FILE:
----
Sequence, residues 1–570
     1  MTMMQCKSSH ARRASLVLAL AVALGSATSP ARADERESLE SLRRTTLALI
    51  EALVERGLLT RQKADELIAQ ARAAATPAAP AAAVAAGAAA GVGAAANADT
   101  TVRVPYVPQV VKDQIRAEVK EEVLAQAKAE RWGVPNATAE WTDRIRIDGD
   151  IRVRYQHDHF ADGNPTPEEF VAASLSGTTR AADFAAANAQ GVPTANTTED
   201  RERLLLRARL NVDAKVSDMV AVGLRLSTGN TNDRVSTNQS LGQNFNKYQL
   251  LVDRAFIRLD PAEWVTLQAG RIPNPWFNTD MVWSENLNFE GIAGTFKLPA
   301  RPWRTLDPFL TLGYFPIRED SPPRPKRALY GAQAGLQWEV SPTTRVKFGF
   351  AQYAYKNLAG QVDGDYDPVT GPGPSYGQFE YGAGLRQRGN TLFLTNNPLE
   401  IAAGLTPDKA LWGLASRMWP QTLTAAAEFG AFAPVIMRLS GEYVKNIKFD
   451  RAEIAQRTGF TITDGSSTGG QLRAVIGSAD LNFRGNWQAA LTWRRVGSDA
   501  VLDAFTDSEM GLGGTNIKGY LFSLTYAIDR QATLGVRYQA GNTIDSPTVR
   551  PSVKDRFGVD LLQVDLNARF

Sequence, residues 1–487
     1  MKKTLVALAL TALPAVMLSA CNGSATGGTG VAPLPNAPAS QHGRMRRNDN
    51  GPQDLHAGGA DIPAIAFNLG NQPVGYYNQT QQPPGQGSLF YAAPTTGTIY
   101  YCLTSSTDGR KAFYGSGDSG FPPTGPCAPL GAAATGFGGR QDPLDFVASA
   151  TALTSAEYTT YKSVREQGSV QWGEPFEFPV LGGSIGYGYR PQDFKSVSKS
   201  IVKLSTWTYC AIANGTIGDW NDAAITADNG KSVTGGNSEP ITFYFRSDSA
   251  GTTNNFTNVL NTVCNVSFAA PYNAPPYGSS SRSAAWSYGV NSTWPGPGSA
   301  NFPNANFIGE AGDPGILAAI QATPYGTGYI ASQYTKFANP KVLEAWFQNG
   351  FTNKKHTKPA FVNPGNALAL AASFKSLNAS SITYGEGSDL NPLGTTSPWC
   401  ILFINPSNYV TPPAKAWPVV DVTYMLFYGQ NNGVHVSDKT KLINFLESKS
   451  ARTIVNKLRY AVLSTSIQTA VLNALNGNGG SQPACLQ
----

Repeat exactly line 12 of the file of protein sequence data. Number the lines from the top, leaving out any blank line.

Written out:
   501  VLDAFTDSEM GLGGTNIKGY LFSLTYAIDR QATLGVRYQA GNTIDSPTVR